I’m embarrassed to admit that I kinda like Seattle Times editorial columnist Bruce Ramsey… you know, as a person, not as an editorialist for chrisakes. But I’d like him a helluva lot more if he were a bit more consistent.
For example, today Bruce is outraged over legislative attempts to reform the initiative process (reforms that are brought up every session, yet predictably never get out of committee). Applying campaign finance limits to initiative campaigns? Spiteful. Requiring paid signature gatherers to register with the PDC? Punitive. Raising the $5 filing fee from its 1912 cost to something approaching an inflation-adjusted value (about $110)? Well… um… Bruce defiantly stamps his foot down:
[T]he state constitution declares that the people’s right of petition “shall never be abridged.”
Really, Bruce? Huh, I don’t remember you coming to my defense when your own editorial page urged a Thurston County court to bar Initiative 831 from the ballot, and I sure as hell don’t remember you pontificating about my “right of petition” when the judge issued a wholly unconstitutional order barring me from filing my petitions with the Secretary of State.
No, I guess denying me and my tens of thousands of supporters our right to petition our government was okay, because we weren’t taking the initiative process seriously enough for civic leaders like you and your fellow editors. Besides, I guess I should’ve been satisfied enough, having “successfully placed the phrase ‘horse’s ass’ into dozens of family newspapers.” As if I held a fucking gun to your heads.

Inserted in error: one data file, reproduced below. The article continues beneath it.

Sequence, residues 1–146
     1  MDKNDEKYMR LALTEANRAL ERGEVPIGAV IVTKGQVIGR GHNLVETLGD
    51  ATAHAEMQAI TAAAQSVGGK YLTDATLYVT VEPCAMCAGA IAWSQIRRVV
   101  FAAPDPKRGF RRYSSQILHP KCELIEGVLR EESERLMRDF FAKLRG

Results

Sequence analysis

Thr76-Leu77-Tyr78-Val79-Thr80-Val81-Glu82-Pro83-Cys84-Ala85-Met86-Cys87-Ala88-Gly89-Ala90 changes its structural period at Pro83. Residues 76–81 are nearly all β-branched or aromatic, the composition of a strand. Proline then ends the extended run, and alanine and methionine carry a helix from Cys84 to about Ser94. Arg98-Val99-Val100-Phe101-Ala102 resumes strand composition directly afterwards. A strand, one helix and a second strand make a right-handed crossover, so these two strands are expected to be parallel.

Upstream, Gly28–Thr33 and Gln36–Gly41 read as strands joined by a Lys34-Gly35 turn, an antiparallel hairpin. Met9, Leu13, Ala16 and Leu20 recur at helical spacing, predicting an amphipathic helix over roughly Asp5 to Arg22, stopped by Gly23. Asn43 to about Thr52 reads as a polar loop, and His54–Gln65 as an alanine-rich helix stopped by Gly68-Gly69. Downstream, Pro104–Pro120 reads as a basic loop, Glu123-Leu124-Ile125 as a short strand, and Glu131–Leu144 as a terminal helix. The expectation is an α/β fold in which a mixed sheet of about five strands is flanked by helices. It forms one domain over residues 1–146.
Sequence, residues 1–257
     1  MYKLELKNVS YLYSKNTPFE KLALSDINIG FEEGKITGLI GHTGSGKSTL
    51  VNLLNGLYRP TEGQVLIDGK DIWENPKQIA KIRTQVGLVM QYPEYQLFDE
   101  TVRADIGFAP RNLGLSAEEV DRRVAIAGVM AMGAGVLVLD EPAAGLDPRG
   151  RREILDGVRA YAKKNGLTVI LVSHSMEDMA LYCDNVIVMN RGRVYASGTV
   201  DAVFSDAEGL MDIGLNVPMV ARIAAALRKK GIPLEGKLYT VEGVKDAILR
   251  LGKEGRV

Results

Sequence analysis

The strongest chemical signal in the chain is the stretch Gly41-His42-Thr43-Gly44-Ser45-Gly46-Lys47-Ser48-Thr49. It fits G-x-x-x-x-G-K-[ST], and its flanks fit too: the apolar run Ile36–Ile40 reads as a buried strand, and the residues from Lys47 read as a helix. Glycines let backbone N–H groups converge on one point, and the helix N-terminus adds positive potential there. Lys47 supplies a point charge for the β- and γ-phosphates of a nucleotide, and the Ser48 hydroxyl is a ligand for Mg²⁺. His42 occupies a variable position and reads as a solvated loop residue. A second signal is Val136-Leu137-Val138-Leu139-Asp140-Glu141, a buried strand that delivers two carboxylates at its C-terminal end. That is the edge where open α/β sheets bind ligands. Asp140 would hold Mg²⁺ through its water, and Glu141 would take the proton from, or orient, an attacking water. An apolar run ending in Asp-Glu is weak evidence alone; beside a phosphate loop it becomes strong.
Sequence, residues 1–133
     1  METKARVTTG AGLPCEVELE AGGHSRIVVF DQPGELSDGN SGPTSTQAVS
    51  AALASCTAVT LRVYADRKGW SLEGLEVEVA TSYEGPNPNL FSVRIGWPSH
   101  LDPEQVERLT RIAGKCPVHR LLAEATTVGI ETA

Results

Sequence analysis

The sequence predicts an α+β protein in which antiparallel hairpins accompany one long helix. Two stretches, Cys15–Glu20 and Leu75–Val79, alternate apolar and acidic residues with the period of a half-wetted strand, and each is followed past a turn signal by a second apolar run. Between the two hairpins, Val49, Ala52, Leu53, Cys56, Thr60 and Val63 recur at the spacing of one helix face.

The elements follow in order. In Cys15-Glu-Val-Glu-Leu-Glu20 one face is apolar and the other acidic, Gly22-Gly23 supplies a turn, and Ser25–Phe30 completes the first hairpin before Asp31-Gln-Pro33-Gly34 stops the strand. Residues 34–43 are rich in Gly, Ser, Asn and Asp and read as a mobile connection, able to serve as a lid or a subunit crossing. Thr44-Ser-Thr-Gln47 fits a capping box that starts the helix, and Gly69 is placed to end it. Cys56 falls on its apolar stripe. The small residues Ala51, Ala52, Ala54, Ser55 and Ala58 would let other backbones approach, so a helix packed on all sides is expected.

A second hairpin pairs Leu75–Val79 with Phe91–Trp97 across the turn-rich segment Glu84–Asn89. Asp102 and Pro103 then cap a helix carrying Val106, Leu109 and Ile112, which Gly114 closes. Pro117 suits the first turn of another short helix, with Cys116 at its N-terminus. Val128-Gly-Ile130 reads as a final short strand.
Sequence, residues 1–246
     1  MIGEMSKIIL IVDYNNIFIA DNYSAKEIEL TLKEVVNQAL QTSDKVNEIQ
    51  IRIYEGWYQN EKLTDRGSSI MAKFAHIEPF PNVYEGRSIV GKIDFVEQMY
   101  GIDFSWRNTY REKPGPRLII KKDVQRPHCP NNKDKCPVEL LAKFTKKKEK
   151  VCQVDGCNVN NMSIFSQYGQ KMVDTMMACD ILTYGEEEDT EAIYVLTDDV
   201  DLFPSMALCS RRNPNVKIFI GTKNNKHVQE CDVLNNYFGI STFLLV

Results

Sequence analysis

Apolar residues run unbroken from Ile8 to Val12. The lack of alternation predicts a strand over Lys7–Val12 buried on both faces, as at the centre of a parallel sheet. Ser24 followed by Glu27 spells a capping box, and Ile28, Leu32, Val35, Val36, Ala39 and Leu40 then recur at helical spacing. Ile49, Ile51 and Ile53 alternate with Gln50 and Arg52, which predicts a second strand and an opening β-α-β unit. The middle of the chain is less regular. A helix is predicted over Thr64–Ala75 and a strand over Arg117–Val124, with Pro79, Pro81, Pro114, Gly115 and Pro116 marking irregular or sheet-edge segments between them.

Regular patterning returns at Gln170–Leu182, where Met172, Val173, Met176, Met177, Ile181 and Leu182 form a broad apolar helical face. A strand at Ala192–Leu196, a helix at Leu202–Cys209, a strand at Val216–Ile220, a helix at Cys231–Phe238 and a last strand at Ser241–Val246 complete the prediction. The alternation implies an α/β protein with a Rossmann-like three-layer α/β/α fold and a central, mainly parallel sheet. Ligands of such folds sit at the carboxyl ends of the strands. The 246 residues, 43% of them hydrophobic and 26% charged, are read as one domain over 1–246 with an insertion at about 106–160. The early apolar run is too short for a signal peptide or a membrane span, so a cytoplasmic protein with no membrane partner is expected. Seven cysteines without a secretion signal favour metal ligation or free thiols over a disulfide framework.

In the end, a humorless assistant AG and a humorless Superior Court judge denied me my constitutional rights, knowing full well that I lacked the resources to file an appeal. Written in the form of a resolution, the AG argued that I-831 was not legislative in nature because it failed to amend the RCW, and thus was outside the scope of the initiative process. And so for only the second time in our history , the state stooped to pre-ballot review to invalidate a proposed measure.
And you and your paper cheered them on.
So here’s your chance to make amends Bruce. An initiative was recently filed seeking to change our state’s official seal to that of “a tapeworm dressed in a three piece suit attached to the taxpayer’s rectum.” I’m the last person to come out against the use of the initiative process for satirical purposes (even if it’s totally misguided considering that WA hasn’t raised a single tax since 2005), but I’ve read the initiative, and while it seeks to direct the Legislature to change the seal, like I-831, it doesn’t actually amend the RCW itself. Thus under the precedent set in Goldstein v. Gregoire, that should place it outside the scope of the initiative process.
So if you want to be consistent in your advocacy for the integrity of the initiative process, I would expect you and your editorial board to urge the AG to deny this initiative a title, and if it ultimately goes before a judge, to editorialize in favor of denying this petitioner the same fundamental rights that were denied to me.
Or… would that run counter to your impassioned defense of initiative sponsors against any and all obstacles?
I’m confused, Bruce. Perhaps you can explain why it’s so outrageous to, say, bar convicted sex offenders and identity thieves from being hired to gather our addresses and signatures, yet it’s okay to use the full legal resources of the state to harass a petitioner and bar his satirical initiative from the ballot? Or… would you argue that your ed board was wrong in advocating that I-831 be tossed from the ballot?
I await either an explanation or an apology.